Off into space, roaming the universe. They only very rarely interact with the matter we know, but this allows us to detect them. We measure the stream of neutrinos coming directly from the sun, and this gives us information about the state of the sun’s core. We can estimate the conditions there, as the stream has certain properties that we can read. We can’t put a thermometer into the sun, so we figure out the temperature based on other processes. It took us many years to prove that neutrinos actually exist. A long time ago, scientists started saying that something might be wrong with certain reactions, that some particle we didn’t see could be getting generated. Several decades later, it was demonstrated experimentally that such a particle existed.
What did we know about the sun in the past, back when observations were made without advanced technologies?
From today’s perspective, we knew nothing.
Our ancestors prayed to the sun.
People prayed to the basic source of energy thanks to which we exist. Life on such a planet as Earth would be possible without harnessing the sun, but it would be much less developed, concentrated only around weak, terrestrial sources of energy. It is presumed that life on Earth may have first emerged around geothermal energy sources. After one or 1.5 billion years, photosynthesis appeared. Before that, life relied on the chemical processing of compounds dissolved in water. The easiest thing was to feed on iron compounds. When most of them were consumed, a certain hunger ensued: something new had to be found. Photosynthesis developed and transformed the Earth. Before that, there was no atmosphere like the one we want to protect now. For half of our planet’s lifetime, there was no oxygen in the atmosphere at all. If we travelled back in time and landed on the Earth back then, or if we travelled in space to a different planet at a similar stage of development, we would be unable to breathe. Humans evolved in the times when the sun had long served as the primary source of energy for life. Everything we eat, all the food we have, emerged thanks to solar energy.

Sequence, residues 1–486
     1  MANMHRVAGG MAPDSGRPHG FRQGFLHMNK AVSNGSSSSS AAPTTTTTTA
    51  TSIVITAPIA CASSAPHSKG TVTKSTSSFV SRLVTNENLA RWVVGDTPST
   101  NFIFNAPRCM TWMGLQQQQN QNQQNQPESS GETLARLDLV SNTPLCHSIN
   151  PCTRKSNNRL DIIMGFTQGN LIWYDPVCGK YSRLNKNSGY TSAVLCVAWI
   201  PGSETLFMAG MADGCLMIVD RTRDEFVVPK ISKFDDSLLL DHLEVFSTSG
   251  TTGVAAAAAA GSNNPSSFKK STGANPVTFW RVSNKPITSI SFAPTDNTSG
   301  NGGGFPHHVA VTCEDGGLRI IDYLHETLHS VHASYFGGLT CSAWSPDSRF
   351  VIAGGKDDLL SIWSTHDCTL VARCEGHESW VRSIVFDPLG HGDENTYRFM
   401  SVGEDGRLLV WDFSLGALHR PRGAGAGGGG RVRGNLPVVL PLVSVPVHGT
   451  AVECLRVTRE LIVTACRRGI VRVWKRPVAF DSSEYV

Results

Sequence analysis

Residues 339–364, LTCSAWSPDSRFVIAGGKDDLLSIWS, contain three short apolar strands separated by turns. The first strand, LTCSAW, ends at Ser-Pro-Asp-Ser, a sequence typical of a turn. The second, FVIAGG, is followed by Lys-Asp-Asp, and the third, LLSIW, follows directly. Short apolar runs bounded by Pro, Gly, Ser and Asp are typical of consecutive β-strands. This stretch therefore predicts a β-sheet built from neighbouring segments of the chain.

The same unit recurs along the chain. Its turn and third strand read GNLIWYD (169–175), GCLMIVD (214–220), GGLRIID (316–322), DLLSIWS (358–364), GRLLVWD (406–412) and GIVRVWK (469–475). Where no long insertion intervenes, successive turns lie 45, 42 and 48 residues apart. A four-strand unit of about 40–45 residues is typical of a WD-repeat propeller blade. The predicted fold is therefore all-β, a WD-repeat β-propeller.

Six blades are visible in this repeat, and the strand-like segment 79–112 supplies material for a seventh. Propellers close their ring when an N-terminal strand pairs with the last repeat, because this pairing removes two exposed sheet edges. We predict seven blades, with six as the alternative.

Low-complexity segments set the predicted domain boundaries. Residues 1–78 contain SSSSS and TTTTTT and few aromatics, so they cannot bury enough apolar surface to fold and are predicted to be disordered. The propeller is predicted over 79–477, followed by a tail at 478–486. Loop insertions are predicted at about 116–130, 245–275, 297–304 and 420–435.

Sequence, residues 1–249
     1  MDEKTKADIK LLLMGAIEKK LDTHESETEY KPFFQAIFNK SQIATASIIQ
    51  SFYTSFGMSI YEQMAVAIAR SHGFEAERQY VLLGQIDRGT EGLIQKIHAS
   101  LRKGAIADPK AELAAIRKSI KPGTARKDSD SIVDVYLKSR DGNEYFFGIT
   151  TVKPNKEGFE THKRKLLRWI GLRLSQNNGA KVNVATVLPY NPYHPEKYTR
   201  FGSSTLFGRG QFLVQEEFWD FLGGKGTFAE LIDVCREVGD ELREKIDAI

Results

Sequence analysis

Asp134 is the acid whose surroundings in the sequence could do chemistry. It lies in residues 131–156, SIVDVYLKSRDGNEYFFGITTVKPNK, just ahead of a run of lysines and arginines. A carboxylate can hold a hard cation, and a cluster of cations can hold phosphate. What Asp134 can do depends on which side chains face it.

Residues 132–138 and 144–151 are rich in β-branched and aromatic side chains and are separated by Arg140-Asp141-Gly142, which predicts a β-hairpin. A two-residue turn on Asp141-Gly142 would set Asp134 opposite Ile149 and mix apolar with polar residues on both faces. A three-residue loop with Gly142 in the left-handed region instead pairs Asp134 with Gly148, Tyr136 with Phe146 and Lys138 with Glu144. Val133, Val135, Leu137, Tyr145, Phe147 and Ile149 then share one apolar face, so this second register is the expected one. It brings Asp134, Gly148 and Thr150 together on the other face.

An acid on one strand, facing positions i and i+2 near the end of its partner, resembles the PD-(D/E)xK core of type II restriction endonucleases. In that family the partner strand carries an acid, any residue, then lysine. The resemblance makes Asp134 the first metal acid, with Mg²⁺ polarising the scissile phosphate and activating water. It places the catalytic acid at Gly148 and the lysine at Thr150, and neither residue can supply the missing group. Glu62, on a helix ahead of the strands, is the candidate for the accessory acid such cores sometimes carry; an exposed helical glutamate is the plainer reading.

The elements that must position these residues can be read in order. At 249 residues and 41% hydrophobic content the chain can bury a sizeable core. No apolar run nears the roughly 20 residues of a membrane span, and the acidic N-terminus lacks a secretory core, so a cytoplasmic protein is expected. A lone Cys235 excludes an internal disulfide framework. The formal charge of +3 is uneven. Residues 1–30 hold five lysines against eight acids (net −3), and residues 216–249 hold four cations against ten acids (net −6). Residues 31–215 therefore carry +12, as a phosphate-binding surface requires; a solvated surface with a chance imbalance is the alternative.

How did photosynthesis originate?
As a result of evolution at the cellular level. We didn’t start studying the mechanisms behind that process until a decade or so ago. Before that, when we studied the history of life on Earth, we focused on fossils, which provide traces of advanced organisms, macroscopic ones. But the first four billion years involved evolution at the cellular level. No fossils were left behind by those processes. We now have advanced genetic tests at our disposal, so we can peer into the genes of single-celled organisms and gain insight into their evolution. We don’t realize that even at the level of a single cell, we are extremely complicated and evolved entities. Behind us, there are billions of years of constant change and struggles for survival.